Sweetcorn has arrived! I always look forward to seeing new cobs on the market stalls, a couple half-peeled to reveal plump sweet yellow kernels. But sweetcorn is a little confusing, starting with the name.
In the UK we call it sweetcorn or corn on the cob. In America they simplify it to ‘corn’ even though that is a generic word encompassing wheat, barley and all the rest; and even though the proper name for that cereal is ‘maize’. Confusing? There’s more!
Corn kernels grow on the cob which is the hard, inedible centre. They are coated in husks and silk (the annoying fronds that go everywhere) and all together is an ear of corn. Shucking an ear means peeling off all the husk and silk and is best done outdoors – see the comment about silk.
How to cook sweetcorn? There are many ways. For years I’d microwaved corn cobs, for about 3 minutes at full power, in a plastic container with a splash of water. It’s a good method but now I swear by roasting it in the oven, rubbed with butter, wrapped in foil, at 210C for 30-40 minutes. You can also boil it of course, like the street vendors in Italy do, dropping shucked corn into vats of boiling water.
And then there’s barbecuing: gorgeous corn grilled in the husks, or shucked ears tossed on the rack until charred and blistered. In the latter case they only need a relatively quick roll over the barbecue grill. Sweetcorn cooks much quicker than we tend to think.
You can also cook it deliciously off the cob. Stripping corn off the cob is easier than it seems: against professional and YouTube advice, I use a small, serrated knife and saw the kernel rows off gently. Do it in a large bowl if you like, but unless the corn is freshly picked and super ripe, with its milk spraying the whole place, it won’t make much mess. And in the latter case, the taste will compensate for the cleaning up.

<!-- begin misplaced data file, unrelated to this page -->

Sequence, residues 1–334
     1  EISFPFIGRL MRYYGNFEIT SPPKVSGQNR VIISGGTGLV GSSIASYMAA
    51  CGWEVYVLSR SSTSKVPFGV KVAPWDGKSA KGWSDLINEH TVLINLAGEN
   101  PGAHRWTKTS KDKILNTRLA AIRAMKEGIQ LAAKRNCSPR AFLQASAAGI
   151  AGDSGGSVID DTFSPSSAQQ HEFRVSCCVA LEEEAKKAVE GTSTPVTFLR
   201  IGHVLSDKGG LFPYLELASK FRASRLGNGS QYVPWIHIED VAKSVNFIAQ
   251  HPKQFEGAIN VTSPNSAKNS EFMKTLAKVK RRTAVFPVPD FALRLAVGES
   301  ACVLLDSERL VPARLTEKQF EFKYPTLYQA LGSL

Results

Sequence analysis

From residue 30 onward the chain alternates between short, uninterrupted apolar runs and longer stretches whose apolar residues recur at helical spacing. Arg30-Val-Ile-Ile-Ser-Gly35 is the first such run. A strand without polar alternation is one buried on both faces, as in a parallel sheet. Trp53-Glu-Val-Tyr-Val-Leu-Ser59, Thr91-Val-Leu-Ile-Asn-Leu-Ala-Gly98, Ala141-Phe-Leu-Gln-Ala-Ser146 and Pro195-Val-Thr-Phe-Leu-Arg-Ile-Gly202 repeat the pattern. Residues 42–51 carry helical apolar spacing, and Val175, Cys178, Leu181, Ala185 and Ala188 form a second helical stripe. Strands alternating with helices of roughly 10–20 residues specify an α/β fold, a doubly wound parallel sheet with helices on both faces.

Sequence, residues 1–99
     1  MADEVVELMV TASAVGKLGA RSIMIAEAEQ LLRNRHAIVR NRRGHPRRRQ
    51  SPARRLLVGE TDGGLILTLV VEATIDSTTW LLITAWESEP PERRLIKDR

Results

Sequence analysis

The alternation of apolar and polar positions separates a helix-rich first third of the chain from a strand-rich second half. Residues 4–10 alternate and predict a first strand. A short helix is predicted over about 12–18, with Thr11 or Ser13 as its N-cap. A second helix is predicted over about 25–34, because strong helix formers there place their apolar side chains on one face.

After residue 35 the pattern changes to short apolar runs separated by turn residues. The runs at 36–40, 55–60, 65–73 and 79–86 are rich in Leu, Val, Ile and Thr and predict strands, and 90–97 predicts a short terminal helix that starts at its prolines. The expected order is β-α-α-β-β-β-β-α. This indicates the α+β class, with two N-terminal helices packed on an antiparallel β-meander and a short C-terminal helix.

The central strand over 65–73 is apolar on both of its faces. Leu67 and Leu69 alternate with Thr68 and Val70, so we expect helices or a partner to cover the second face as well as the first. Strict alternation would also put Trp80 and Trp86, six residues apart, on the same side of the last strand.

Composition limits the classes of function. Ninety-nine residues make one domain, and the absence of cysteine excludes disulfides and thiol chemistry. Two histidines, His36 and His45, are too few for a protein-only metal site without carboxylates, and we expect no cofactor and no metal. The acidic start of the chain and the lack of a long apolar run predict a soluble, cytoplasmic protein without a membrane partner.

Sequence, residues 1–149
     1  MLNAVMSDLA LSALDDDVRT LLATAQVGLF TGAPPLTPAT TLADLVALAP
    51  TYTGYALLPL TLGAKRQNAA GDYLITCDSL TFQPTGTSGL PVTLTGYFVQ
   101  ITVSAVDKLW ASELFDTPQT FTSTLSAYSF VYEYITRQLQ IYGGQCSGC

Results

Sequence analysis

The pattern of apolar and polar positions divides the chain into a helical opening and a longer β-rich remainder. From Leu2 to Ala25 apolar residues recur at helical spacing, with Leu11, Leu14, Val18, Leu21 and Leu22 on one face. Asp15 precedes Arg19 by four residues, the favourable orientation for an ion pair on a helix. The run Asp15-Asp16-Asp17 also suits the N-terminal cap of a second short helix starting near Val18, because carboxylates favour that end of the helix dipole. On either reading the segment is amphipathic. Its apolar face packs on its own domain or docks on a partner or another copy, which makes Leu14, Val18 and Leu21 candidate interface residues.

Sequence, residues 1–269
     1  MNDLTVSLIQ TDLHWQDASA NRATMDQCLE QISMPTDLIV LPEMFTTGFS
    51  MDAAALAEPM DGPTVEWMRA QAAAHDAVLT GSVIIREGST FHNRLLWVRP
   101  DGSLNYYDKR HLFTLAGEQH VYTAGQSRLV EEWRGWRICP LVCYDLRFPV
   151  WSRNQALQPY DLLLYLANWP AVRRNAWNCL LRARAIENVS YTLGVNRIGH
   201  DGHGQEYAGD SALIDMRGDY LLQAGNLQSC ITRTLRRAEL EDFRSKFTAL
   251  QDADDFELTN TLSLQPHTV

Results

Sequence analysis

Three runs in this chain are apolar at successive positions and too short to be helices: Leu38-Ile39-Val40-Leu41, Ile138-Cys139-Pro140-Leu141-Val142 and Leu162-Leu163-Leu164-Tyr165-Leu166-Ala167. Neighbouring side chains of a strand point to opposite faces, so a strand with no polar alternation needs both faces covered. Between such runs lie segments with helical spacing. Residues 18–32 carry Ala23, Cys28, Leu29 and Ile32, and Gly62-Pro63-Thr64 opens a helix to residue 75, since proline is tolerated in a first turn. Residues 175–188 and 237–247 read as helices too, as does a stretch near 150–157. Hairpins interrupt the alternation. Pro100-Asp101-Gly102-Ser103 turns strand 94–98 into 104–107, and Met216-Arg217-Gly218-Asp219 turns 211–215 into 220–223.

And now for the recipes, though the above should really suffice to corn lovers like me, who like nothing more than just eating it off the cob, buttered, biting round and round and round. But if you’ve made the effort of stripping the kernels, make creamed corn with tomatoes. Or how about a twist on paella: rice with corn and chorizo? It’s delicious.
A crab and sweetcorn salad is much nicer made with fresh corn. And check out this recipe for chicken with fried corn and feta – you might want to just lift the bit about caramelised corn from it!
Sweetcorn does spicy very well: chilli con corn is the proof. And it can dance on a cheesy tart which is an almost, sort of, pizza.
Finally, you can find sweetcorn in baking too: bacon and sweetcorn muffins make a great breakfast.
I hope that satisfies sweetcorn fans. For sweet things fans I suggest homemade cream tea this week, the full works from scratch: classic scones, strawberry jam and home clotted cream. Or is it first cream, then jam? Stay well and happy cooking!